Take Pride in Your Creative Degree

If I had a dollar for every time someone has expressed skepticism regarding my English degree, I would have… well, enough money to afford all the enormous anthologies on every lit class list. On a plane to Paris, the seemingly nice man sitting next to me said, “So you don’t want to make money?” upon hearing my choice of study. Similar comments and questions have followed me through college and past graduation. And I get it. If someone desires a field more traditionally lucrative, or pursues something primarily for the money, then it may be hard for that person to understand why anyone would go the artistic route.

For creative majors though, it’s not usually a choice. Anyone with a passion can attest to the fact that it’s challenging (not to mention miserable) not to follow it. Even if that means that money and success become afterthoughts. Sure, a career as a writer, designer, musician, or what have you may not be as stable as, say, a career in law, but it is equally possible with drive and dedication. And maybe a part-time job along the way. Lucky for our generation, the digital world provides countless opportunities for us to express ourselves and make our voices heard.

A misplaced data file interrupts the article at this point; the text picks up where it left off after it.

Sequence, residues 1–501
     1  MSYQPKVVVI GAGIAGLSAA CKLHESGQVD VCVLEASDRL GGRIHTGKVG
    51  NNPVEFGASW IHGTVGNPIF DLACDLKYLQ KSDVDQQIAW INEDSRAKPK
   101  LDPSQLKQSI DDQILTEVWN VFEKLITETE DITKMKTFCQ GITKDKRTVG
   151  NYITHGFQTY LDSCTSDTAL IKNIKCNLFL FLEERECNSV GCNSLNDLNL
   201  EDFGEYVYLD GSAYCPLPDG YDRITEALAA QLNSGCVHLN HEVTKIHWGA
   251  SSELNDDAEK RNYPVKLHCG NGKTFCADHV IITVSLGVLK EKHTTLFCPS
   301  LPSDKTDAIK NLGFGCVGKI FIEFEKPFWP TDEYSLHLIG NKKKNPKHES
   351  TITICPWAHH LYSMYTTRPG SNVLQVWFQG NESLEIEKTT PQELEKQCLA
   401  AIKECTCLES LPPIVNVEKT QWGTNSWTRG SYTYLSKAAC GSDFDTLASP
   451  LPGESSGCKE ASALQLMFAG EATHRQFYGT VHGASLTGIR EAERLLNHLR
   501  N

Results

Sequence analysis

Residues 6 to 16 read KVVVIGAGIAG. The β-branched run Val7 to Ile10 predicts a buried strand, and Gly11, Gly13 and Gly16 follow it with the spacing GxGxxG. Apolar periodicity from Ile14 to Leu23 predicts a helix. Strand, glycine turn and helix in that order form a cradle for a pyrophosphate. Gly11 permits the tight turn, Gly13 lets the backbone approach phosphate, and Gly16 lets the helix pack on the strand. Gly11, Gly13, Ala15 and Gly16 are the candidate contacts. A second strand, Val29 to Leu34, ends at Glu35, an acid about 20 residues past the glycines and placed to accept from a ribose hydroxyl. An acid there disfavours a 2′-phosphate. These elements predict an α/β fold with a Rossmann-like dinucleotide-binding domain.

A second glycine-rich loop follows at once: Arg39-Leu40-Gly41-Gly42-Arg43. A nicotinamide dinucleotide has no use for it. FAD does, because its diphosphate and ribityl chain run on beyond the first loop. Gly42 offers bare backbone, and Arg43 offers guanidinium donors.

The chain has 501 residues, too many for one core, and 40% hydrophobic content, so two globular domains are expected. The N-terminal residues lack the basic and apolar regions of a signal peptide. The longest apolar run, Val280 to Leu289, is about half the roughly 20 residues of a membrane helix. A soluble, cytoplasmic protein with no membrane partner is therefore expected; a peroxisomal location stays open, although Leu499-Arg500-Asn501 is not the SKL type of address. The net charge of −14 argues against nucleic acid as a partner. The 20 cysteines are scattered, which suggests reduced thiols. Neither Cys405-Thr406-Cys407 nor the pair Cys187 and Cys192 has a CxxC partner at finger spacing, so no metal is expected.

Whenever someone shoots down your more unconventional degree in a condescending tone, just remember all that you learned from studying philosophers or talking about art for hours on end. For instance, you learned how to think about the world in a fascinating way. You’re no doubt a more curious person, which means that you’re almost never bored. Maybe you’re a romantic or overly critical. Maybe you think things through way too much. Whatever your tragic flaw, it means that you approach the world intellectually, with a refined sensibility.

At the very least, look at a couple creative individuals who are doing what they love (AND making money). Mindy Kaling, who studied Playwriting, wrote episodes of “The Office,” published a  and now stars in and writes her own equally hilarious show on Fox. Talk about a leading lady.

Kelly Oxford’s witty  earned her a book deal that quickly led to her star status as a . She also just sold a screenplay. Oh, and did I mention she’s a stay-at-home mom?


I’ll leave you with the wise words of Gertrude Stein’s character in Midnight in Paris. Artists have pretty important jobs, huh?


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By Sophie Pawlowski

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